~ Rogério [You must be registered and logged in to see this image.]  [You must be registered and logged in to see this link.] [You must be registered and logged in to see this link.] [You must be registered and logged in to see this link.] [You must be registered and logged in to see this image.]
Back to top Go down
sbell

avatar

Country/State : Canada
Age : 43
Joined : 2013-11-06
Posts : 1230

PostSubject: Re: Species identification topic   Mon Jun 20, 2016 2:55 am

[You must be registered and logged in to see this link.] wrote:
I understand your doubt and also Sean's suggestion. Although American river otters go far North, they're continental species, though, they are never introduced in lists of Arctic fauna, sea otter is much more common  in these lists as you mentioned. They're a marine species, so it is natural. Though, the toy doesn't show any evidence that it is supposed to be a sea otter. When they're floating on their backs it is easy once river otters doesn't float like that. I believe this is a generic mold to be used as any otter species, as a common otter in Europe, American river otter in America and probably a sea otter in Arctic. Sea otters have relatively shorter tails and different paws, does it help? Laughing

Sea otters also tend to be much fuzzier, and probably couldn't actually 'stand' like that--they are almsot entirely aquatic.

_________________
Looking for animal figures? I have an actual online store, out of Canada! [You must be registered and logged in to see this link.]

[You must be registered and logged in to see this link.]

I'm also a big freshwater fish-figure fan. Know of anything new and exciting? I need to know as well!
Back to top Go down
http://faunafigures.com/
Roger
Admin
avatar

Country/State : Portugal
Age : 44
Joined : 2010-08-20
Posts : 23497

PostSubject: Re: Species identification topic   Mon Jun 20, 2016 3:08 am

[You must be registered and logged in to see this link.] wrote:
Sea otters also tend to be much fuzzier, and probably couldn't actually 'stand' like that--they are almsot entirely aquatic.

I agree! Very Happy

_________________
~ Rogério [You must be registered and logged in to see this image.]  [You must be registered and logged in to see this link.] [You must be registered and logged in to see this link.] [You must be registered and logged in to see this link.] [You must be registered and logged in to see this image.]
Back to top Go down
Tarunyada

avatar

Country/State : The Netherlands
Age : 23
Joined : 2012-12-19
Posts : 3271

PostSubject: Re: Species identification topic   Mon Jun 20, 2016 10:36 am

Thanks for your opinion, Roger. This is exactly the determination problem why I came here Razz Though I have to agree with Sean on this one; the figurine is anatomically just not correct as a sea otter. So it must be some other kind of otter. I just thought I read something about North American river otters going north as far as the Arctic.. I just can't find it anymore Laughing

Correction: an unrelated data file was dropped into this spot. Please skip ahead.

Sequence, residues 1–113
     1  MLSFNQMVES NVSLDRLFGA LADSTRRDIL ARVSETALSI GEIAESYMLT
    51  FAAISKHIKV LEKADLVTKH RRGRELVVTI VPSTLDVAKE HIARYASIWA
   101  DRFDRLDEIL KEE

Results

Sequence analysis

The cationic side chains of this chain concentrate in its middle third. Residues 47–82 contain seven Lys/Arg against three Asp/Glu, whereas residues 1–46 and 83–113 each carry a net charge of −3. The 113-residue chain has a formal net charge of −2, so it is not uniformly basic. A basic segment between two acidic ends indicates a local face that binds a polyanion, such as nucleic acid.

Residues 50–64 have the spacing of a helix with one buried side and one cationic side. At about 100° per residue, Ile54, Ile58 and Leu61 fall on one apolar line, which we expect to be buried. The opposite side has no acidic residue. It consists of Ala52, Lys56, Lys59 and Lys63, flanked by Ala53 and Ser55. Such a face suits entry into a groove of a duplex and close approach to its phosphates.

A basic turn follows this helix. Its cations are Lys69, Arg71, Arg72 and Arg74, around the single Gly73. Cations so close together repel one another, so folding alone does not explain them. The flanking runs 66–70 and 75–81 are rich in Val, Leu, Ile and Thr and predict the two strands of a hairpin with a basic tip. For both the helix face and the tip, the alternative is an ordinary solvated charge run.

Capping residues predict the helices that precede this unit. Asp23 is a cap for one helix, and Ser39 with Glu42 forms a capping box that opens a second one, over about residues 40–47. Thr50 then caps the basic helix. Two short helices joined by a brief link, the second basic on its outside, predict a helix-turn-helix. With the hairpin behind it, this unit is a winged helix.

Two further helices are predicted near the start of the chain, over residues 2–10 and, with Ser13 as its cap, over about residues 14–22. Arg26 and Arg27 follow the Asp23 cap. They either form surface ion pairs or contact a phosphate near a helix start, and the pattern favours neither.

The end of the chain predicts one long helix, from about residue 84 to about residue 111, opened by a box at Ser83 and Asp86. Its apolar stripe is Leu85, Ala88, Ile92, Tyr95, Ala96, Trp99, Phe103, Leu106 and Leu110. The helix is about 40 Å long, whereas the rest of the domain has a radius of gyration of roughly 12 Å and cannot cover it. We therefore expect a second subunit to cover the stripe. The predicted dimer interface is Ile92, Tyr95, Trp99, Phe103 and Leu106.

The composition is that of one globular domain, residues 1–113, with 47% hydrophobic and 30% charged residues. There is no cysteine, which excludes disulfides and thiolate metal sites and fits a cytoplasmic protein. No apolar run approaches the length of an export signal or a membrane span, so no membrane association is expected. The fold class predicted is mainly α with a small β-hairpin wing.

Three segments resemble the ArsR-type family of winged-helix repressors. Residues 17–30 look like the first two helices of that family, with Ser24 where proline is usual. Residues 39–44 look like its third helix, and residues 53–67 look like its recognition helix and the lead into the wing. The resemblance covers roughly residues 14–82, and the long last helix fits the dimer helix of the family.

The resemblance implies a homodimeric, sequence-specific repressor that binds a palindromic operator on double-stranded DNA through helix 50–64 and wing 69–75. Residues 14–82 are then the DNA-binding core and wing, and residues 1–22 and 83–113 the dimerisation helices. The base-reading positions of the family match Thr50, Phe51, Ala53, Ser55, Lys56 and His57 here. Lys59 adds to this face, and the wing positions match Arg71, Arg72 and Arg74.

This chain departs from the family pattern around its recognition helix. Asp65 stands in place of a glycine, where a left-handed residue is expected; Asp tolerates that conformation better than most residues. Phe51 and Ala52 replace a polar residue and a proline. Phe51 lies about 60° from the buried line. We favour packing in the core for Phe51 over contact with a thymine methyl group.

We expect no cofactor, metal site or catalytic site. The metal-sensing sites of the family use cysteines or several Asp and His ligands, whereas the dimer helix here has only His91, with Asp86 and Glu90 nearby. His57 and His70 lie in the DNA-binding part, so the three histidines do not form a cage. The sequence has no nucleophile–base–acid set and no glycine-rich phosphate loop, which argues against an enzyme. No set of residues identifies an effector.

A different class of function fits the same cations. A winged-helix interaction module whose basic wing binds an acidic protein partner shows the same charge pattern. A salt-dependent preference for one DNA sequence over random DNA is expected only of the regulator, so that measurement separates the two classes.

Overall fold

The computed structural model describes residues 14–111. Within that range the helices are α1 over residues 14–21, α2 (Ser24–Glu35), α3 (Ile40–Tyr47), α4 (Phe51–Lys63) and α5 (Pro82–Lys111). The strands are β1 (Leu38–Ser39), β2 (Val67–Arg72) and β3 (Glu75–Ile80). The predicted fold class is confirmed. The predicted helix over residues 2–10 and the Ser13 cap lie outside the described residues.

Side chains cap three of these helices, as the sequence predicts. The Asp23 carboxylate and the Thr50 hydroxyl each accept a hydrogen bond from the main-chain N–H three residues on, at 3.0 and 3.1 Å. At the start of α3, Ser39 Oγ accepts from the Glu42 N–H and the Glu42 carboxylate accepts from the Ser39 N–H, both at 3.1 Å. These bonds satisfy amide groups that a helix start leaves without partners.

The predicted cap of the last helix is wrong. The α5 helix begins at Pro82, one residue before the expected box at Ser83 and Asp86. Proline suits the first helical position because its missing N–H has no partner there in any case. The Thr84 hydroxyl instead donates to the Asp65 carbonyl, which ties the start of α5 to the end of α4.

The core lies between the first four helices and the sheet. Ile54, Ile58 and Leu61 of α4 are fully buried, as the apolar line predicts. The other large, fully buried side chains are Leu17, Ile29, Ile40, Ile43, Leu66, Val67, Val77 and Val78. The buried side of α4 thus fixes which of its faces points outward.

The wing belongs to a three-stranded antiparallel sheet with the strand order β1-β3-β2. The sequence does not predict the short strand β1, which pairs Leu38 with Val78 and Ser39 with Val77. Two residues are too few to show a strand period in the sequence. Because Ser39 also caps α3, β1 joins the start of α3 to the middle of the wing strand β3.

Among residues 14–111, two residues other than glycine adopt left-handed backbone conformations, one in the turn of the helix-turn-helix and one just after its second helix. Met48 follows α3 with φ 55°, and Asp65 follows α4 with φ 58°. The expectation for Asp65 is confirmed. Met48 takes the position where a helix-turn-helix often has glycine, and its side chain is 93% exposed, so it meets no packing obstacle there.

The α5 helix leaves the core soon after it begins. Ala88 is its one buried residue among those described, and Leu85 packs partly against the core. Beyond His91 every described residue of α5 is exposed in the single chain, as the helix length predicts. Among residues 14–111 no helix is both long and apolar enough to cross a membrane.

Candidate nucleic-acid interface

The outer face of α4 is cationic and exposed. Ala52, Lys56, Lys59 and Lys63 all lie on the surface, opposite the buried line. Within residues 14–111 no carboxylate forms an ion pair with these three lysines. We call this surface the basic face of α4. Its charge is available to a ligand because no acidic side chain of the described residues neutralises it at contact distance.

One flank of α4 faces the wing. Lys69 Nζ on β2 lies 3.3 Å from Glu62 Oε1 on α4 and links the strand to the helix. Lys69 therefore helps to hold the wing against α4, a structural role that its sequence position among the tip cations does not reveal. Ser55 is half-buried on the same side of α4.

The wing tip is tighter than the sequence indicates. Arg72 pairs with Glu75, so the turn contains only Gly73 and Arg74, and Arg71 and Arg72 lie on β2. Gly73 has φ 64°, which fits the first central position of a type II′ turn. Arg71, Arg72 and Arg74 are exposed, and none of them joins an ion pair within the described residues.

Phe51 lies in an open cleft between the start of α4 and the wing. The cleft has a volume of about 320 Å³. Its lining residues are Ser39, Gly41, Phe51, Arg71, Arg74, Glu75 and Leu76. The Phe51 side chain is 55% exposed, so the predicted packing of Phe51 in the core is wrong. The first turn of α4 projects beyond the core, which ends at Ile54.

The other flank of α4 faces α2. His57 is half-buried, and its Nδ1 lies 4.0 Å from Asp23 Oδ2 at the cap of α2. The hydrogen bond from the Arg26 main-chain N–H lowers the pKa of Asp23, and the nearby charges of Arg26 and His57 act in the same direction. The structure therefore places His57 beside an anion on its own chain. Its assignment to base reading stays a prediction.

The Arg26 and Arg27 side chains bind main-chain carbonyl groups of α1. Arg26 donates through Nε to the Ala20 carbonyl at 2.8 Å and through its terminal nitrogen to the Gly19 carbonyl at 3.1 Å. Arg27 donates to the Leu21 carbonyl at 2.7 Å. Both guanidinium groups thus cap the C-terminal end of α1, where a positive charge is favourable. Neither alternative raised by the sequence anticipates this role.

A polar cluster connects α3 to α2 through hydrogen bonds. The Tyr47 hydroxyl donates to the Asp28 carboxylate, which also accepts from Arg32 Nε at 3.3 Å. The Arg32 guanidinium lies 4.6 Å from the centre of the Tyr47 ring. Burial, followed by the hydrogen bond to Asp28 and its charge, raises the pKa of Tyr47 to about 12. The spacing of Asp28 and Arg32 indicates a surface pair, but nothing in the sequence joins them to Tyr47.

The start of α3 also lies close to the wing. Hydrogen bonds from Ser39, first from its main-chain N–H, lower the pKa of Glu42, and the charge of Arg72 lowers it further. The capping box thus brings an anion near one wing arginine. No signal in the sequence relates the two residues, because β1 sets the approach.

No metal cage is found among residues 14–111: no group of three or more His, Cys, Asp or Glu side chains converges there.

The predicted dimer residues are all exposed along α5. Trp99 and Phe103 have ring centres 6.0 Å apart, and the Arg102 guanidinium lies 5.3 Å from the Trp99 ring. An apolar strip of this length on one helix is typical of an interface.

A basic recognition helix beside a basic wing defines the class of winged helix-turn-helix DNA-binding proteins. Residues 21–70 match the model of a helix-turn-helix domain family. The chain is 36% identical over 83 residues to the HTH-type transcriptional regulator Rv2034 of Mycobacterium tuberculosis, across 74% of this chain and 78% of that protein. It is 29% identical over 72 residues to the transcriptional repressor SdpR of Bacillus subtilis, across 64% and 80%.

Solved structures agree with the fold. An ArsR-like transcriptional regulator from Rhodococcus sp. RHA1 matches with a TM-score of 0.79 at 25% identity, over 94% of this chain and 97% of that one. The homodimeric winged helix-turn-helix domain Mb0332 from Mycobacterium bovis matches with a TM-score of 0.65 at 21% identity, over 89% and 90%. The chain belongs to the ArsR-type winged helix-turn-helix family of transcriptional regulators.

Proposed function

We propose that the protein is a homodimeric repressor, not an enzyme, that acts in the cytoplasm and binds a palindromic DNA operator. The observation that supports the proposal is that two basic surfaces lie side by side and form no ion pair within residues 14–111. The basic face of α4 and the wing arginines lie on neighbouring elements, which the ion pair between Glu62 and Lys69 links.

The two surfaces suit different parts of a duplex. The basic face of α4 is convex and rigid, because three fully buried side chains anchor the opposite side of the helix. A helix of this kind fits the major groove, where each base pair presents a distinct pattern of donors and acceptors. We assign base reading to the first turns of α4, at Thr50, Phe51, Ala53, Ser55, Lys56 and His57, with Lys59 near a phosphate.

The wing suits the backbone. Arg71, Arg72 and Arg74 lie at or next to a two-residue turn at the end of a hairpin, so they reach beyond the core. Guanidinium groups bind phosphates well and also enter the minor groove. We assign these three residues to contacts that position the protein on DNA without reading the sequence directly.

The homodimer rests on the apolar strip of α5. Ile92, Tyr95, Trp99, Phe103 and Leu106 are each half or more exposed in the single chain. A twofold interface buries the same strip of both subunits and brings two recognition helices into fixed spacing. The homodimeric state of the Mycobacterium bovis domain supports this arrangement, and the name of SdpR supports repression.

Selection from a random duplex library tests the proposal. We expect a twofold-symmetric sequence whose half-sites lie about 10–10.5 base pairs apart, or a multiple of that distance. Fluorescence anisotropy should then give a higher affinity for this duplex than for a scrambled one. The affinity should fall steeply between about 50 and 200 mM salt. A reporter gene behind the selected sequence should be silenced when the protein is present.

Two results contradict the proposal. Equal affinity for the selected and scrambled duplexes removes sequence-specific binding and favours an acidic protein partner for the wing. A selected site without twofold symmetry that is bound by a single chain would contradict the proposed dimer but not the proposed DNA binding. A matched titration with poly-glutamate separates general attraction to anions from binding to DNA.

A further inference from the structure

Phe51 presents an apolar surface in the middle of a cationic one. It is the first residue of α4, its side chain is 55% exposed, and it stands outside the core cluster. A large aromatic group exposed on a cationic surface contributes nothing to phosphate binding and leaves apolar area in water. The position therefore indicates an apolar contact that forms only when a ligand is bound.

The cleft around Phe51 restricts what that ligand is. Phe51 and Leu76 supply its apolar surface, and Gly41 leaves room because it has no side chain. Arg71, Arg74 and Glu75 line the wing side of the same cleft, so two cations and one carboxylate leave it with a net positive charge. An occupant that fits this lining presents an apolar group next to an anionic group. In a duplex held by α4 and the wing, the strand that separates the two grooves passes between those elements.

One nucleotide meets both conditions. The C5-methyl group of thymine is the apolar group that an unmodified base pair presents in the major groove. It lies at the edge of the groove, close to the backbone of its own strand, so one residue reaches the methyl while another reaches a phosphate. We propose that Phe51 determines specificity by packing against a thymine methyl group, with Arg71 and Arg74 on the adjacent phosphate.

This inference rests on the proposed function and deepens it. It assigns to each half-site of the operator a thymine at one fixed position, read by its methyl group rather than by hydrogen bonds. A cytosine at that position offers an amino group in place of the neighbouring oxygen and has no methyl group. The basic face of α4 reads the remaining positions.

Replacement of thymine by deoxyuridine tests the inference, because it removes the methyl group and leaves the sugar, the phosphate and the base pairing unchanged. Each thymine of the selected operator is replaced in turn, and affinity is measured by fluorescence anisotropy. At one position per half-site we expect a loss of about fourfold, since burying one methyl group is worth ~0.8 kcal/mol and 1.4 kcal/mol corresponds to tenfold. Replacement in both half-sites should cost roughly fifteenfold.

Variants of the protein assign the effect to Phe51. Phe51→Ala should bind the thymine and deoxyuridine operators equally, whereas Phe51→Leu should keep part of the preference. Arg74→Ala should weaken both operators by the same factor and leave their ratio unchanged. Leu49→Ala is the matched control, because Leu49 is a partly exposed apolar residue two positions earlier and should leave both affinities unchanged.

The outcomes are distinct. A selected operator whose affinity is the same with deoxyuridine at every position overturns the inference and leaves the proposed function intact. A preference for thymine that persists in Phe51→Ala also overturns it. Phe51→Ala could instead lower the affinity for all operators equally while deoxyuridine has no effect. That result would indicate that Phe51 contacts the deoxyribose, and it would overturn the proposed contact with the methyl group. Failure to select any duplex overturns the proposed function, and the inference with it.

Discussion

_________________
[You must be registered and logged in to see this image.][You must be registered and logged in to see this image.]Julie x busybusybusybusybusybusy
[You must be registered and logged in to see this link.] x [You must be registered and logged in to see this link.]
[You must be registered and logged in to see this image.]
Back to top Go down
http://tarunyada.weebly.com/
sbell

avatar

Country/State : Canada
Age : 43
Joined : 2013-11-06
Posts : 1230

PostSubject: Re: Species identification topic   Mon Jun 20, 2016 2:45 pm

[You must be registered and logged in to see this link.] wrote:
Thanks for your opinion, Roger. This is exactly the determination problem why I came here Razz Though I have to agree with Sean on this one; the figurine is anatomically just not correct as a sea otter. So it must be some other kind of otter. I just thought I read something about North American river otters going north as far as the Arctic.. I just can't find it anymore Laughing

Just a quick look at Wikipedia shows a distribution as far North as Alaska/Northern Canada, so it seems that they can be found in the arctic. Although it does seem more likely that a set maker just got lazy when including an otter species.

As it is, Sea Otters don't usually actually venture much further north than Kamchatka/Aleutian islands (i.e. beyond 60 degrees North), so they really aren't appropriate as 'arctic' animals anyway--they are Pacific ocean animals, not Arctic ocean animals.

_________________
Looking for animal figures? I have an actual online store, out of Canada! [You must be registered and logged in to see this link.]

[You must be registered and logged in to see this link.]

I'm also a big freshwater fish-figure fan. Know of anything new and exciting? I need to know as well!
Back to top Go down
http://faunafigures.com/
Tarunyada

avatar

Country/State : The Netherlands
Age : 23
Joined : 2012-12-19
Posts : 3271

PostSubject: Re: Species identification topic   Mon Jun 20, 2016 2:49 pm

[You must be registered and logged in to see this link.] wrote:
[You must be registered and logged in to see this link.] wrote:
Thanks for your opinion, Roger. This is exactly the determination problem why I came here Razz Though I have to agree with Sean on this one; the figurine is anatomically just not correct as a sea otter. So it must be some other kind of otter. I just thought I read something about North American river otters going north as far as the Arctic.. I just can't find it anymore Laughing

Just a quick look at Wikipedia shows a distribution as far North as Alaska/Northern Canada, so it seems that they can be found in the arctic. Although it does seem more likely that a set maker just got lazy when including an otter species.

As it is, Sea Otters don't usually actually venture much further north than Kamchatka/Aleutian islands (i.e. beyond 60 degrees North), so they really aren't appropriate as 'arctic' animals anyway--they are Pacific ocean animals, not Arctic ocean animals.